In response to an excellent article by Sharon Lee at ALA, “Human-to-Human Design“, I made comments. I thought it would make a good blog post too. I’m still fleshing these thoughts out. So, any feedback would be helpful.
As a user experience designer to some interesting and large projects, I’ve had to advocate the persons on “the other side of the screen” numerous times. Much of the time to the humbling response of something along the lines of “well, because of the business goals…” [insert objection here].
It seems we ‚Äì as the craftspeople in this industry ‚Äì are in the position to take this type of stand for the humans who must use our clients’ [insert service here.]
In fact, this weekend, I’ve started a process in myself to stoke some emotionality for the “user” and move away from two heavily used terms that I think are actually hindering us from totally empathizing with our audience and creating the best experiences imaginable.
First, the word, “user.” This is discussed around on various platforms and not really new, but I want to make a push to re-ignite this notion. From the cold, steely, technical aspect, they are “users,” but at the end of the day, they’re people, other humans, just like you and just like me.
The second word we should move away from – and this will probably bother some because it is so the vogue thing – is “design.” This includes all derivatives such as “designing” or “designers.” Primarily for the same reason as the above. If you do a search at Thesaurus.com for the word “design” you’ll find cold terminology like, “model” “map” “configuration,” “engineering,” etc. Likewise, do a search for the term, “craft.” In contrast, you’ll find warmer words like, “skillful” “art” “ingenuity” “workmanship.”
And sure enough, someone had a problem with it.
Perhaps I wasn’t being clear. This notion stems from a process through which I’m undergoing personally. I’m just beginning to articulate what has come to me and it is undoubtedly fuzzy at this point, but it only becomes more clear with each step of exploration.
Over a decade ago, I sought to understand what my place was going to be in this world and I identified myself as “designer.” I studied design. I labeled myself as designer and revered myself as such.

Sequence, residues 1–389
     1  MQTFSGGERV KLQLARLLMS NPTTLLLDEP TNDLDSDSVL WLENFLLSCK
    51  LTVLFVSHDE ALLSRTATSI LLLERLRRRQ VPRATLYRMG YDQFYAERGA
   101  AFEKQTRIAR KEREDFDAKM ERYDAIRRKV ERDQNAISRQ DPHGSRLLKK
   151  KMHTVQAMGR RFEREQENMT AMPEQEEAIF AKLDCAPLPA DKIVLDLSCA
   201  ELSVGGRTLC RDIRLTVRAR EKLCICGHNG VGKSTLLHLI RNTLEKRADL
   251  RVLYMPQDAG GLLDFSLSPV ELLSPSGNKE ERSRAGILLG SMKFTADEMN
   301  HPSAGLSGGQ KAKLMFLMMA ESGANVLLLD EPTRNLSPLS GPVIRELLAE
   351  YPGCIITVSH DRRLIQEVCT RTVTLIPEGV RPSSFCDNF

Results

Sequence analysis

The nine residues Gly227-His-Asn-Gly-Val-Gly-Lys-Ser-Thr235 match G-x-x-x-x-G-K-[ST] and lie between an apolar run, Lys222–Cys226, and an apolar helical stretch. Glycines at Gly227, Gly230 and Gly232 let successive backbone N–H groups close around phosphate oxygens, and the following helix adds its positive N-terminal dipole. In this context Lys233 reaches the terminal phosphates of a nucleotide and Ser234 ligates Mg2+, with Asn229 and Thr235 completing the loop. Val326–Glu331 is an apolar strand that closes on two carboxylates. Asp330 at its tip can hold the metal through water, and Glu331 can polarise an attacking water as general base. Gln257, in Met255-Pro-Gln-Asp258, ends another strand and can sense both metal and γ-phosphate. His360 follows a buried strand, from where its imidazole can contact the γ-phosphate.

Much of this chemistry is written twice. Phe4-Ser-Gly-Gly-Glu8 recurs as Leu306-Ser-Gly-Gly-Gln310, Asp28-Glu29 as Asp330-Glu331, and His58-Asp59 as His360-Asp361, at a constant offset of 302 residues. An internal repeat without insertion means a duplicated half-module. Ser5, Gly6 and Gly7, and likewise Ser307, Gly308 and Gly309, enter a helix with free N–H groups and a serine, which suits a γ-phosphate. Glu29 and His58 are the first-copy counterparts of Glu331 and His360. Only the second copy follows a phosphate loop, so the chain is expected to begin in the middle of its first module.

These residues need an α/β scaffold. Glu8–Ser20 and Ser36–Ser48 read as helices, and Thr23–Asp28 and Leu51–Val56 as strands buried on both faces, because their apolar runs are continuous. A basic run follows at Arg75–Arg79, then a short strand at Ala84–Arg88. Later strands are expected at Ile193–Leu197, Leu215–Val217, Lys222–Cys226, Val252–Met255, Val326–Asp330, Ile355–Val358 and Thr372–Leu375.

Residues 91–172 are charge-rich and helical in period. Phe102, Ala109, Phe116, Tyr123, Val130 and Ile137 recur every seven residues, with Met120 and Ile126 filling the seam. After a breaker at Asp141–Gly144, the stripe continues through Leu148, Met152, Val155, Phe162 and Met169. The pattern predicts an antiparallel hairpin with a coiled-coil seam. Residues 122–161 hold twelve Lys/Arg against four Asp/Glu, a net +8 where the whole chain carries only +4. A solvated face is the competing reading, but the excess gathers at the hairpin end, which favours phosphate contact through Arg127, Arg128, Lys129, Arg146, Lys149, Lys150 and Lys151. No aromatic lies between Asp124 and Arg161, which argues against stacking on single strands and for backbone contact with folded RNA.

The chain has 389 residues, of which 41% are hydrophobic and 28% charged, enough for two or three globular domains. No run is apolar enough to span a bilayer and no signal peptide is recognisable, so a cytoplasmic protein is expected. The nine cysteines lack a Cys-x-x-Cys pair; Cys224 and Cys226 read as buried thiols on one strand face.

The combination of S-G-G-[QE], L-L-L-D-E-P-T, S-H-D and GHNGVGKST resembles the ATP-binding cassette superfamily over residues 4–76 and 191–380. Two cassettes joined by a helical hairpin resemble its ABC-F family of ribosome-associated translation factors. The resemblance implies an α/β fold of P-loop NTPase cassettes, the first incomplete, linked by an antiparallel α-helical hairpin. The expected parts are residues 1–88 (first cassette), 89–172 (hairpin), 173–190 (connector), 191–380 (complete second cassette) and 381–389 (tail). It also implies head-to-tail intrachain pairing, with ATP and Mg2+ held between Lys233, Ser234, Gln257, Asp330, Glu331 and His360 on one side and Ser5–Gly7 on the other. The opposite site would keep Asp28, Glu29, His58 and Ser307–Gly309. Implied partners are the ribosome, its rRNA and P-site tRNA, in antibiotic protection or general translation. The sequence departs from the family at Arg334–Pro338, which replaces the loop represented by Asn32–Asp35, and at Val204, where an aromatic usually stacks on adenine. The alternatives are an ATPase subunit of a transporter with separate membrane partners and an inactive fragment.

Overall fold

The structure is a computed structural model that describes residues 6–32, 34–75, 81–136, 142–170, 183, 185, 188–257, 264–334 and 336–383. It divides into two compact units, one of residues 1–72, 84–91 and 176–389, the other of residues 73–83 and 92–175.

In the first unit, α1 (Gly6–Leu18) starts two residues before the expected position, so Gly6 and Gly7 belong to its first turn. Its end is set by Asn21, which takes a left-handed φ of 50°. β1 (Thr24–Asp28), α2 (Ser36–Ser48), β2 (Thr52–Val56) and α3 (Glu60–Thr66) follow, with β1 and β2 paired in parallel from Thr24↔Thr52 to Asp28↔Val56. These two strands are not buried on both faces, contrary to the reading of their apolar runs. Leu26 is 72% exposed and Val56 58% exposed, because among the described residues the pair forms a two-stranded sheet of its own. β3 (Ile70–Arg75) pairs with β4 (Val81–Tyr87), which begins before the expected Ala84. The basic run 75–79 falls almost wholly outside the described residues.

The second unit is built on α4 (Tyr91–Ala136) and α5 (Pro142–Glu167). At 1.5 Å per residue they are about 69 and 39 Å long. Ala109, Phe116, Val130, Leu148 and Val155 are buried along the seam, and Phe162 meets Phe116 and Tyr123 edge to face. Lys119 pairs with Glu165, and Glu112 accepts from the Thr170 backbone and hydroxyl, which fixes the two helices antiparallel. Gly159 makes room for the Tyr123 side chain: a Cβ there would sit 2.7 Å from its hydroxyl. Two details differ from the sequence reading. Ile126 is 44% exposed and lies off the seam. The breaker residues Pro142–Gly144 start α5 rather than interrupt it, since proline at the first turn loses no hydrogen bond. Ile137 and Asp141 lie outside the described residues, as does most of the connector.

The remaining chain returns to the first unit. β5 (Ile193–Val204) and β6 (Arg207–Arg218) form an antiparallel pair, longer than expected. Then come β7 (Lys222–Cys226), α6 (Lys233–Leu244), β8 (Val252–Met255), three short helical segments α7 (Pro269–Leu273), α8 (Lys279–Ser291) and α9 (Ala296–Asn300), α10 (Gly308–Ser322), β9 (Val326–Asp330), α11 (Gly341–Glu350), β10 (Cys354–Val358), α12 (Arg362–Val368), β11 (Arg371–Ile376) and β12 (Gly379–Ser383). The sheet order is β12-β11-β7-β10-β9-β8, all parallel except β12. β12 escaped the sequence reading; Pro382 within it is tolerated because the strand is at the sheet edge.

Over the years, I’ve realized the term is misused, overused, and abused. A hobbyist can pick up a book, learn a little something and go forth, create, build, and declare their design. And no one can argue that it isn’t design.
Ah, but craft. “Craft” as it relates to “design” is the beauty side of the same coin. As indicated, design has intention and this may very well be true, but it is the word “craft” that can denote so much more. And so, I would suggest that where design has intention, craft has intuition; designers are industrious, craftsmen (and women) flow.
In my college design courses, the literature taught us that there was function and there was aesthetic. I have found that most people polarize and tend to focus on one or the other in their post-academia careers.
Throughout my career, my position has at countless times been to mitigate in the chasm between the technically proficient and the artistically profound. Perhaps it is design that is the middle where the two meet. Moderately simple mathematics will show us that starting with zero then going in two opposing directions, there is infinity in both directions. Artistry and Industry, running infinitely deep in their respective directions.
So, for me, I need some distinction for this discipline of “creating an experience.” Usability, in its purist sense, is virtually devoid of all aesthetics. Just as pure artistic expression of emotion is is of no mainstream use.
I am by no means suggesting that “design” should go away. Perhaps I’m suggesting that as human factors, usability, ergonomics, etc. have become such cornerstones to our practice of design, we need see the other side of the coin. And that is where we find craft.
If you’re interested, I’ve started a new group at ma.gnolia.com as a starting point to gather some of these thoughts together. I’d love to hear from folks on their opinions on this matter: